The National Cancer Institute received more than 700 applications for funding through its Provocative Questions program. Only 57 grants, totaling $22 million, were awarded in fiscal year 2012.
The question first came to Ramsey Badawi, PhD, more than a decade ago: If one built a positron emission tomography (PET) scanner significantly longer than today's standard 15-cm models, how useful would it be? Such a device, he thought, would not only be more sensitive but also would allow physicians and researchers to assess the physiologic function of a much larger portion of the body at a single point in time.
Convinced of the potential value of such a device, especially in light of the need to spot smaller and smaller cancers, Badawi's lab began to simulate a 2-m PET scanner, which would be long enough to scan a person from head to toe all at once, using computer software. However, Badawi lacked funding to develop the technologies to build the actual device—until recently.
In August, Badawi, the director of nuclear medicine research at the University of California, Davis, received a 3-year grant from the National Cancer Institute (NCI) to get started. The grant was funded through the agency's Provocative Questions project, an initiative that supports research addressing one of 24 questions related to cancer risk, prevention, development, detection, diagnosis, or treatment. The questions were compiled based on website submissions and discussions with dozens of investigators at NCI workshops held in 2010 and 2011.
NCI received more than 700 applications for Provocative Questions funding, a number that was “even more than I expected,” says NCI Deputy Director Douglas Lowy, MD. Only 57 grants, with commitments totaling $22 million in fiscal year 2012, were awarded. The funded research projects relate to 20 of the 24 questions.
Varied projects break barriers
Badawi's project tackles Question 13, which asks whether tumors can be detected when they are 2 to 3 orders of magnitude smaller than those currently detected. To be picked up with current imaging tools, tumors generally need to measure about 1 cm; Badawi says his new PET scanner will have the ability to spot smaller clusters of cells, aiding in diagnosis and treatment. In addition, the longer scanner could help researchers better understand how dissemination correlates with disease progression, thus potentially improving treatment with targeted therapies and reducing radiation exposure.
The scanner could also record a high-definition “movie” of how drugs move through the body, letting researchers see whether a drug reaches its target. “This will allow us to rule out drugs that won't work without having to go through expensive clinical trials,” Badawi explains.
Another grant recipient, Johns Hopkins' Cynthia Sears, MD, will delve into Question 12—which seeks to answer what novel infectious agents cause cancer and what mechanisms induce the tumors—by examining how certain microbes lead to colon cancer. Sears had previously linked enterotoxigenic Bacteroides fragilis, bacteria that cause diarrhea and live only in the colon, to colon cancers in mice. However, her explorations in the field had slowed somewhat due to a lack of research dollars.
“When the Provocative Questions possibility came up, we realized that we might broaden that project to understand better how bacteria contribute to colon cancer in people,” says Sears. “It was a unique opportunity.”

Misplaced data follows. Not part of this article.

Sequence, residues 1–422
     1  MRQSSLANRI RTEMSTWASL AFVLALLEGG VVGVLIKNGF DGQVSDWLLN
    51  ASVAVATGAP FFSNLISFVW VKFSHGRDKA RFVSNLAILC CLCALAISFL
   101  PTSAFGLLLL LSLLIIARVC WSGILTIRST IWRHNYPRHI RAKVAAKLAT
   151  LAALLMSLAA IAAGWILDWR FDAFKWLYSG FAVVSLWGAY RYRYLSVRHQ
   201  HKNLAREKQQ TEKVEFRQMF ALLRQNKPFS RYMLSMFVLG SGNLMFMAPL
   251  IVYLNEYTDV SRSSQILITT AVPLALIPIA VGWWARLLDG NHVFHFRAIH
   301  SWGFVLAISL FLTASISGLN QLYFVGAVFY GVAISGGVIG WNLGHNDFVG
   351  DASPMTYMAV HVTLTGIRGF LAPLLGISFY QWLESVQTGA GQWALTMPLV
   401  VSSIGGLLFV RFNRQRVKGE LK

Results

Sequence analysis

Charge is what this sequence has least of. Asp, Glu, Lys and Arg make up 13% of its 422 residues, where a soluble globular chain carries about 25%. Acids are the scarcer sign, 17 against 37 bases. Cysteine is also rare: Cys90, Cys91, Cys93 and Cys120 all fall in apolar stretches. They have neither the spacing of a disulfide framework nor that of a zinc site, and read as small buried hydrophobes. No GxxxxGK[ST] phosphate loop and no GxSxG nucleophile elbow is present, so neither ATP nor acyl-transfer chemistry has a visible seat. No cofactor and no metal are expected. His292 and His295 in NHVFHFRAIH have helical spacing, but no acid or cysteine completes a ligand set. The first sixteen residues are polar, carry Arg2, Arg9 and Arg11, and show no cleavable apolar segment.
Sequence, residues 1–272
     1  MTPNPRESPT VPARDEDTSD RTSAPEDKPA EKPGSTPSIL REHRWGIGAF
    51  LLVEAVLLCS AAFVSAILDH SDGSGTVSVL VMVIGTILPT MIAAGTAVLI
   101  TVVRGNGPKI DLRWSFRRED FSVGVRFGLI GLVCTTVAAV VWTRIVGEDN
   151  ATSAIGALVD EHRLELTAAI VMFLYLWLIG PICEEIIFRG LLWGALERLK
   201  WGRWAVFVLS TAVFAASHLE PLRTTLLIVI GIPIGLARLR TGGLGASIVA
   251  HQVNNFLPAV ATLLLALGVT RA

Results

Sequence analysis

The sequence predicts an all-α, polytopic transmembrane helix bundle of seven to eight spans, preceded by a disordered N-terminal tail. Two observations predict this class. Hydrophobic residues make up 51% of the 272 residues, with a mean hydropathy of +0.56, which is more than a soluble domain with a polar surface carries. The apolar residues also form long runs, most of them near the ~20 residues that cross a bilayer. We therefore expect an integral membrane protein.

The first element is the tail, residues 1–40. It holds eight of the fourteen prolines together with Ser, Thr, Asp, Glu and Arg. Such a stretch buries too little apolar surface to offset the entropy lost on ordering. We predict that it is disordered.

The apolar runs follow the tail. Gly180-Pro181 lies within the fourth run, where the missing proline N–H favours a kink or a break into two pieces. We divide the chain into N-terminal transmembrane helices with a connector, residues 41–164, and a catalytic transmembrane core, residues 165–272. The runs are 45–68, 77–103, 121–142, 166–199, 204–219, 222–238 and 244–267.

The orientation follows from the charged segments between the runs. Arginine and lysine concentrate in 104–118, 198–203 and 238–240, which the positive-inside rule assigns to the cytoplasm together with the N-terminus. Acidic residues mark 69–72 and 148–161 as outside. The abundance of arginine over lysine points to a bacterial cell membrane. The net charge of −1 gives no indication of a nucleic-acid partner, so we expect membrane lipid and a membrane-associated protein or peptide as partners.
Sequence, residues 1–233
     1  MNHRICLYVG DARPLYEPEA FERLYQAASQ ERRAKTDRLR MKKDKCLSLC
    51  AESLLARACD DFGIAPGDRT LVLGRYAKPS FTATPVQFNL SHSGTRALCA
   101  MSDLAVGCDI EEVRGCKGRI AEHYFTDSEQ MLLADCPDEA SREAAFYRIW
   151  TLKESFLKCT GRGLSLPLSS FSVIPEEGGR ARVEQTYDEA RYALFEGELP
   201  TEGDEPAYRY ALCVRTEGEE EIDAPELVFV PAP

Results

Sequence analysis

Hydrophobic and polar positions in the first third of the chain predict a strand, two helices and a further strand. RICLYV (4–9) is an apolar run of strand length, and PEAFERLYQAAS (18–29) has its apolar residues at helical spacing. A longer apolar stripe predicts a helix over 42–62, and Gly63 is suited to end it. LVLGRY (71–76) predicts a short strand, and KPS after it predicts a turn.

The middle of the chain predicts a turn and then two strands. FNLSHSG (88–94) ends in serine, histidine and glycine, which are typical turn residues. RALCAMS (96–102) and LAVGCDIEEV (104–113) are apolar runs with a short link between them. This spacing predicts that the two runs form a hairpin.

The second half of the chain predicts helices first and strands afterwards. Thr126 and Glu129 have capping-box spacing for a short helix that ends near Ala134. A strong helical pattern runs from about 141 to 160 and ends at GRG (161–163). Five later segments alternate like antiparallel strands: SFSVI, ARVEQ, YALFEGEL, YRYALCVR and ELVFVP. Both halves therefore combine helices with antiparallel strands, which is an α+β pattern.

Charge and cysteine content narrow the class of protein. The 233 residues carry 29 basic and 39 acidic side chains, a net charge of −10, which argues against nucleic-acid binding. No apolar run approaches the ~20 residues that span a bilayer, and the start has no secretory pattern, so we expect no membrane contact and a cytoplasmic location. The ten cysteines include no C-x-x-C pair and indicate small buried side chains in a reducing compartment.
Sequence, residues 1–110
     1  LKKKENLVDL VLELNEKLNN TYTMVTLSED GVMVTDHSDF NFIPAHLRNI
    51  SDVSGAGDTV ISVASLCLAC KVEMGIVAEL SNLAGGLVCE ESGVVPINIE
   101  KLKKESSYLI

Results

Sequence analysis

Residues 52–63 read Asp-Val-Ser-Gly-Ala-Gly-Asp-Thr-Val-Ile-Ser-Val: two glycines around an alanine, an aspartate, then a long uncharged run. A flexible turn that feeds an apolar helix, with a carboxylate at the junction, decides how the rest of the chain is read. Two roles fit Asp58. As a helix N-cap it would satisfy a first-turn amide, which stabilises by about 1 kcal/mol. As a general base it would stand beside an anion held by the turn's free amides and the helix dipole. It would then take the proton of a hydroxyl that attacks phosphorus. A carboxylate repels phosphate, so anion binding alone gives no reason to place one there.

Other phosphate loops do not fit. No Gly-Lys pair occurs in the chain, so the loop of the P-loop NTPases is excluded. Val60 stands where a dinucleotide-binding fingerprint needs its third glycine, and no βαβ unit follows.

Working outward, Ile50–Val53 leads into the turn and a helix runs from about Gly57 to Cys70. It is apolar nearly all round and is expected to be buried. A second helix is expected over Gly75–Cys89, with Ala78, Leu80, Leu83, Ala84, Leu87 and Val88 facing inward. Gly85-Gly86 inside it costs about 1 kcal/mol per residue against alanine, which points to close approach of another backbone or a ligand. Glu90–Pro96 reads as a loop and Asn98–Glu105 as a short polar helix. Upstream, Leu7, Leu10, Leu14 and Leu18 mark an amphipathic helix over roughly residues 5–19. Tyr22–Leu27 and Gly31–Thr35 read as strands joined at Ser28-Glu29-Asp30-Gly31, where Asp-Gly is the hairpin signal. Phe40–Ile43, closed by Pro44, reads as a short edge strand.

Using more than 100 human tumor samples banked at Johns Hopkins, Sears and her colleagues will study how bacteria engage with epithelial cells and how their relationship varies in different parts of the colon—information that can then be correlated with patient outcomes. In addition, they aim to identify microbial, immunologic, and—with researchers at Scripps Institute in La Jolla, CA—metabolic biomarkers associated with colorectal cancer, which could lead to improved disease detection and treatment, says Sears.
Question 5, which asks how some drugs used for nonmalignant conditions can protect against or be used for treatment of cancer, was perfect for Stephen Byers, PhD, a molecular oncologist at Georgetown Lombardi Cancer Center in Washington, DC. For years, he has studied cadherin-11, an adhesion molecule overexpressed by some aggressive breast and brain tumors—and that seems to play a role in rheumatoid arthritis (RA).
To block cadherin-11, Byers and his team made a drug they dubbed sd133. Coincidentally, a Georgetown colleague discovered that the COX-2 inhibitor celecoxib (Celebrex; Pfizer) fits with the cadherin-11 binding site, making it a potential treatment for these cancers, too. Michael Brenner, MD, at Boston's Brigham and Women's Hospital, had produced cadherin-11 antibodies and was testing them against RA in mice. The researchers joined forces for the Provocative Questions project to see if their agents might halt both cancer and RA and, if so, how.
“We need to figure out how cadherin-11 actually transmits a signal—and what that signal is—that allows cancer cells to grow and causes the symptoms of RA,” Byers says.
Badawi notes that the Provocative Questions program breaks through the “culture of conservatism” that surrounds most scientific funding, especially during tight economic times. “I don't mean that as a criticism—that's just the nature of the beast,” he says. “The message from the NCI with the Provocative Questions program is, ‘We don't want you to always be conservative.’ That's allowed us to break through the funding barrier.”